Review: Ink & Flowers by J.K. Pendragon

Ink and FlowersRating: 3.75 stars
Buy Link:
Amazon | All Romance
Length: Novel

Luke is about to be evicted because he hasn’t paid rent.  He barely gets enough hours at the florist shop where he works to make ends meet.  Since he’s a full time art college student, Luke doesn’t want to get another job.  Plus, his meddling aunts are always in his business.  Luke doesn’t know what he’s going to do.

Cooper made a pass at Luke one night while he was drunk when he went into the flower shop to buy his weekly bouquet.  When he sees Luke is in trouble, he offers the perfect solution.  He will give Luke a free place to stay if Luke will have sex with him.  Luke isn’t gay, and doesn’t want to do it.  In fact, he’s disgusted by the thought.  But he sees no other choice and agrees.

After Luke moves in, he’s downright terrified about having sex with Cooper.  When Cooper realizes this, he backs off immediately and tells Luke that he can live in his apartment anyway.  The two men become friends, and Luke realizes there is much more to Cooper than he first thought.  Cooper is truly hurting because he is no longer a tattoo artist (though it takes him a long while to confess the reason).  The closer the men get, the more confidence Luke has in himself.  He’s able to admit the truth that he’s been denying even to himself.  Luke is gay, and he wants Cooper.  But Cooper has a long way to heal before he can be anything more than Luke’s friend and protector.

This is a tough one for me to review because I came away having very mixed feelings about it.  It took me a long while to settle into the story.  There were parts that really worked, but there were other scenes and situations that felt too contrived to be believable.

Admittedly, Luke confused me at first.  He was so staunchly sure that he wasn’t gay, and in fact disgusted by the thought, that I just didn’t understand why he would agree to the arrangement Cooper proposed.  I know he was desperate, but it seemed that even were that the case, he could have found other options.  It wasn’t until about a third of the way through, when we finally got to see that Luke had been denying that he was gay, that he began to make sense.  From there, he really flourished.  By the end, Luke had completely grown on me.  Watching him accept himself and stand up for himself, seeing him grow, was really satisfying.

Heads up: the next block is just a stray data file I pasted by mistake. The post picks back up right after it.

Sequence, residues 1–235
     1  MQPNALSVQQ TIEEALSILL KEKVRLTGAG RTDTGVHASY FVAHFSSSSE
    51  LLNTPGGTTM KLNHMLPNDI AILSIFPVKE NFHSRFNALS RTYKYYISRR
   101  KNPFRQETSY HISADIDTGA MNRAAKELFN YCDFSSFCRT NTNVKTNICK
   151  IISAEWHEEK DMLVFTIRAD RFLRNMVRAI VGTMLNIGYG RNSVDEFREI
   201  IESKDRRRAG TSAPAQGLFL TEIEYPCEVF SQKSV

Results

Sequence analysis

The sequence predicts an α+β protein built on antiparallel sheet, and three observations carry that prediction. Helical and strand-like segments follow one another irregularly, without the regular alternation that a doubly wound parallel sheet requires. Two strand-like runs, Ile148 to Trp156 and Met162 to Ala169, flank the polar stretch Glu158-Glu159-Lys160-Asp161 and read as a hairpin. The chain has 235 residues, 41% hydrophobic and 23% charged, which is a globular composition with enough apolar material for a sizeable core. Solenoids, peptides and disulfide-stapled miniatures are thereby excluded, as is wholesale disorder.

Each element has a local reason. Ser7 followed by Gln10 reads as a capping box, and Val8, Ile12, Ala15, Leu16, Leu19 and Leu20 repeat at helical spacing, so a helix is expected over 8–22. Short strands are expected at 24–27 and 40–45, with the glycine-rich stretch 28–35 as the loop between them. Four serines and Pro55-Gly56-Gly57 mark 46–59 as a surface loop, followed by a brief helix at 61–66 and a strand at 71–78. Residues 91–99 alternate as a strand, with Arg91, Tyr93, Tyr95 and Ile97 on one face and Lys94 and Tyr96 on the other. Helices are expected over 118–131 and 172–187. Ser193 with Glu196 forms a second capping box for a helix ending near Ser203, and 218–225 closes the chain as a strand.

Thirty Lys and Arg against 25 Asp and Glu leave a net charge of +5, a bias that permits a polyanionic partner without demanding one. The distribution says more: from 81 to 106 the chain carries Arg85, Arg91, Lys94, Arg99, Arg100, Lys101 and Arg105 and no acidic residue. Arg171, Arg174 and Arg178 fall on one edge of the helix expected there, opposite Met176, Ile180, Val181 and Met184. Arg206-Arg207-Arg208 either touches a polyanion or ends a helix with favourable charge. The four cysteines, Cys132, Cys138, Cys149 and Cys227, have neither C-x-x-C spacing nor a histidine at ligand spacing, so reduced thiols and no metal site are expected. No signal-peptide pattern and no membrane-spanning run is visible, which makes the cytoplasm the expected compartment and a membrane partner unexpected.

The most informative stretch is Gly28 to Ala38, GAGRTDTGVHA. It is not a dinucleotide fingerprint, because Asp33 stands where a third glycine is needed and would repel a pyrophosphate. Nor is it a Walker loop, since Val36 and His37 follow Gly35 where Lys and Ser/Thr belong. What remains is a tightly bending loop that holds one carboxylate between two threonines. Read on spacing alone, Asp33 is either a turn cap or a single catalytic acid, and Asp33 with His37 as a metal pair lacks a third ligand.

Cooper was a bit easier to relate to, at least for me.  Yes, in the beginning he seemed like a jerk.  But that was because it was all colored by Luke’s perceptions.  That moment when he backs off when he sees how truly upset Luke is by the prospect of having sex is when I really began to understand him.  Cooper is lonely.  And he is haunted by an event in his not too distant past.  Cooper has a huge heart, and he is a caretaker.  He tries to block those parts of himself.  He thinks it’ll be easier to face the world.  But he can’t help who he is, and his character really shined through.  I really liked him, once I understood his motivation, and I wanted him to heal.

As I said, it was hard to get into the book.  The beginning just seemed way too farfetched.  Not only was Luke vehemently against anything sexual, but he thought that Cooper was a complete jerk.  It just didn’t make any sense to me that he would agree to move in with Cooper.  There were other times where the plot seemed to stray as well.  More than once, I found myself shaking my head and wondering where the author was going with the story.  I had to take a leap of faith and just keep pressing on.

But I was glad that I did. Together, these men are wonderful.  Cooper really helped Luke accept himself.  And he gave Luke solid support when dealing with his meddlesome and overbearing aunts.  In turn, once Luke was solid, he really helped Cooper come to terms with what happened.  He was there for Cooper as the man struggled.  The trust they developed was wonderful.  And when Cooper went back to tattooing, Luke lets Cooper tattoo him.  I really liked the two of them together, and thought they complimented each other well.

In the end, it was their relationship and their growth that saved this book for me.  If it had been any less, I wouldn’t have enjoyed it very much.  The characters are the heart of this book, and they allowed me to accept a plot that a bit contrived and over the top.

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